"John Barber, who has excavated many sites in Scotland, suggests that several infant burials around passage graves - ten at Quarterness, twenty-four at Isbister -- represent systematic infanticide of neonates.  At Stonehedge a woman and child were buried in the great ditch close to the entrance to the monument.  Attitudes towards (at least some) women seem to have been no better than toward some unfortunate children." (189)

And people wonder why God repented of creating this race.

Ian Kinnes, British Museum, "while there are not many bodies (at Neolithic sites), where there are they tend to be women . . . " (189)

Taylor thinks these monuments exemplify a "bigger is better" attitude of farmers, who make use of just a few resources.  This may be argued, but then he lets himself go into:

"Most profoundly, the idea of a basic dichotomy in the world, of a struggle between man (in the deliberately sex-specific sense) and nature, is what lies behind our continuing lunatic progress towards ever deeper ecological disaster." (192)

Here a bit of religious clap-trap evolves into political clap-trap.  In fact, the air and water has grown far cleaner in recent decades in advanced countries, and forests have been planted or allowed to reseed themselves in vast swatches of the planet.  

Wednesday, August 19, 2020

Letter to a "Racist" Nation

My new ebook, "Letter to a 'Racist' Nation" is now available on Kindle! It is priced to sell. The style is not measured or gentle, because I am not in a gentle mood, and I don't think America needs soft or appeasing words right now. The book can be compared to a loving slap in the face administererd to someone who is suffering dangerous delusions.

That, I argue, is the condition the US is in right now. No, the police are not racist thugs, by and large. They are being scapegoated under circumstances that Rene Girard, the brilliant student of the human condition, long ago prophesied. The accusation of "racism" is inevitable in our culture, for the same reason ealier generations of scapegoats were accused of "incest," "poisoning the wells," "counter-revolution," and other crimes considered especially vile in their cultures. The mentality that lodges such accusations indiscriminately, which one might call "Woke Fragility" (with no apologies to Robin DiAngelo, she owes them to us) has also consumed the Academy and Woke Big Business.
I argue that the Gospel helps us understand this moment, and lends us the chief hope we have for escaping from the ditch we have so foolishly dug for ourselves.
I have not studied this form of neo-Marxism so long as at least two of my Facebook friends. But I bring a few unique understandings or perspectives to the subject: (a) Cultures, which I believe matter more than Race today; (b) History of Religions; (c) a brother who served as a cop in Greater Chaz for three or four decades, and told me his stories; (d) living in Greater Chaz; (e) sharing a university with DiAngelo, which "awoke" me to the phenomenon of Woke Fragility: (f) experience as an educator, since it is from the public schools that much of the contagion has spread; (g) I have also done a bit of research, especially on police shootings.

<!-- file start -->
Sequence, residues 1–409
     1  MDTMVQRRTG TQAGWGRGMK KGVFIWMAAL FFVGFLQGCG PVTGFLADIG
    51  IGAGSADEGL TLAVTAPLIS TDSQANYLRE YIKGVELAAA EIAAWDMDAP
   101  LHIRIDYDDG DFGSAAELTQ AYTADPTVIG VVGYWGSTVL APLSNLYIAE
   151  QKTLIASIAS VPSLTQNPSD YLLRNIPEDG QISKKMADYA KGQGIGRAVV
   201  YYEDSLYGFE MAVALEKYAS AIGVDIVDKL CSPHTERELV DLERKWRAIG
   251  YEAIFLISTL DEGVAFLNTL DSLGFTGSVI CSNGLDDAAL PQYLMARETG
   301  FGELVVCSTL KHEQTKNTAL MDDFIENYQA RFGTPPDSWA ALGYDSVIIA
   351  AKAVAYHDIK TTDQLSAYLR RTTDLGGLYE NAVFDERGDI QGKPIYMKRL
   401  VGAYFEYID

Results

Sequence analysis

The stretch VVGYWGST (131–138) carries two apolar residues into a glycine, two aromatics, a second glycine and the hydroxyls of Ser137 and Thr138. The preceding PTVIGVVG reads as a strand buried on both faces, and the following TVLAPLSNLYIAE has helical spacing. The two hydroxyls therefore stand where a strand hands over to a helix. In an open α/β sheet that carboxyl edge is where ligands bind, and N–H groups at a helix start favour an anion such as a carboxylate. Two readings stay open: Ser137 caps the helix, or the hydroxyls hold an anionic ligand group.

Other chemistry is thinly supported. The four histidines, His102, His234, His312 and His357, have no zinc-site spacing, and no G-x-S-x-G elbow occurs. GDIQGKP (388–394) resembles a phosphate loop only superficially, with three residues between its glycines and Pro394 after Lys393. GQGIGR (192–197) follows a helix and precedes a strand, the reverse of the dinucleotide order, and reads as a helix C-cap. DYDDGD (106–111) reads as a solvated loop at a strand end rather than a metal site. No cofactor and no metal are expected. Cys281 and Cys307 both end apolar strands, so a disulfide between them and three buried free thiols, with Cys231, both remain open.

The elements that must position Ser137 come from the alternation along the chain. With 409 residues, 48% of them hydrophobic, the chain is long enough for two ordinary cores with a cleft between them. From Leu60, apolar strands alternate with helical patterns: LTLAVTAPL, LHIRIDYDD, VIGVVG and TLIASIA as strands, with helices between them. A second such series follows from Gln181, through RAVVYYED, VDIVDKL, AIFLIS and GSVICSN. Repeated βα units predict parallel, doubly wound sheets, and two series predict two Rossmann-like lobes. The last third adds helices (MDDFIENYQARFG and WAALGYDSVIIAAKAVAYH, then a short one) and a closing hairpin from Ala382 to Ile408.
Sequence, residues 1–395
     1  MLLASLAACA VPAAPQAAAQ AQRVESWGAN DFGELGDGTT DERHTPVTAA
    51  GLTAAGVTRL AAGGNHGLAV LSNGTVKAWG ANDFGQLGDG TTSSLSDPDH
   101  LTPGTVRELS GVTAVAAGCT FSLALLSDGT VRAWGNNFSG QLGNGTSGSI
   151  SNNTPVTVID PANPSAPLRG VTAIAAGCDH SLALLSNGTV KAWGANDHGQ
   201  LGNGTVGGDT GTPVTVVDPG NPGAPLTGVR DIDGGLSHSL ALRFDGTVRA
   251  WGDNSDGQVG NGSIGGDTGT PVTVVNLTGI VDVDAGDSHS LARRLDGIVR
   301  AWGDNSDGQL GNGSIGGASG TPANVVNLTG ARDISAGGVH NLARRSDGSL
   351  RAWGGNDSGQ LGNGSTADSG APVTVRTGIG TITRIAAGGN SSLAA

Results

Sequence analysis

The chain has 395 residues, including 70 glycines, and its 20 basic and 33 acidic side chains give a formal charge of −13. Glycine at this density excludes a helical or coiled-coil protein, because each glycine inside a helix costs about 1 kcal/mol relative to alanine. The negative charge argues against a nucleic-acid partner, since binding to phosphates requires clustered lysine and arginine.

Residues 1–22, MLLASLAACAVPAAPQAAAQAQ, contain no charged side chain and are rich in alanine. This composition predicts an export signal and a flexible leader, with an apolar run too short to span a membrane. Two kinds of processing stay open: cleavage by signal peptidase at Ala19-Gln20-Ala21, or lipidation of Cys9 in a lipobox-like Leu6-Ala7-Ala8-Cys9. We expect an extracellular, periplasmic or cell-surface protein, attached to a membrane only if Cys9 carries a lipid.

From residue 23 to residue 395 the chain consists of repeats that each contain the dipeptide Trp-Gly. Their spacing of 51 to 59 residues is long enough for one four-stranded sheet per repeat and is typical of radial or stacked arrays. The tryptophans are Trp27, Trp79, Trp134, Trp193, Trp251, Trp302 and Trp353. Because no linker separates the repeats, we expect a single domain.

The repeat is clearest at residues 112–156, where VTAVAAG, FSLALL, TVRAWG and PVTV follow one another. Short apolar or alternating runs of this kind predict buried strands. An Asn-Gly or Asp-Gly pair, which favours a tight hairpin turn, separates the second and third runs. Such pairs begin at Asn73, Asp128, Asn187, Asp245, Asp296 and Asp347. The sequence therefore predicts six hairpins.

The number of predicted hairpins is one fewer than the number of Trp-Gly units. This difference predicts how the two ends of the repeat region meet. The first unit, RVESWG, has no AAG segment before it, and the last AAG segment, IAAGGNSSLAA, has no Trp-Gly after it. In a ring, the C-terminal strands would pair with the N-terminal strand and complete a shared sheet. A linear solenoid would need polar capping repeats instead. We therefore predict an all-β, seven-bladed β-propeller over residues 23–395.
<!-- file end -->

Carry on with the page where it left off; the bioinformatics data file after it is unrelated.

Do enjoy the book. I'm letting Facebook and blog friends know first, hoping you'll post interesting reviews, and if you like it, pass the word along.
This is not an academic work: it is a cry from the heart. I have, however, done my best to get my facts straight, which I can't say about all those I criticize.
PS: Thanks to Michael Hunt for creating the cover image, and to The Stream for publishing early versions of Chapter 8 and Chapter 11. I neglected to include that note of gratitude in the book yet; I'll have to go back and add it later.

Friday, June 26, 2020

Do Blue Lives Murder? Report from Chaz

The great literary anthropologist, Rene Girard, wrote, "Human culture is predisposed to the permanent concealment of its origins in collective violence."  I just paid a visit to the Western Hemisphere's newest nation, the Peoples' Republic of Chaz (Capitol Hill Autonomous Zone), and found that, indeed, this new state is hiding the guilt of its bloody foundation.

The Martyrs of Chaz

Changsha, Hunan Province, holds four outdoor entertainments: the pedestrian mall, the Xiang River, a three mile long sand spit in the middle of the river called Tangerine Island, where a young Mao Zedong used to swim, and Yue Lu Hill, a peak about 700 feet high behind Hunan University and a huge statue of Mao.  I often met friends by that statue to climb the hill.  Some people would abase themselves before the figure of Mao.  As a young man, Mao studied at Hunan Teacher's College, and hung out at the Autumn Admiring Pavillion, just up the slope from his rocky image and the famous Confucian Yue Lu Academy, a precursor to the later schools.  It was at this academy that the Song Dynasty philosopher Zhu Xi, co-founder of neo-Confucianism, once debated a rival.   Zeng Guofan, the famous Hunan general who defeated the Tai Pings, also studied here.  

Hiking that little mountain on an almost weekly basis, I always wondered at the many graves on its slopes.  Why, in a place of great significance for more than a thousand years, all the memorials were to people who died after the communist revolution in 1949?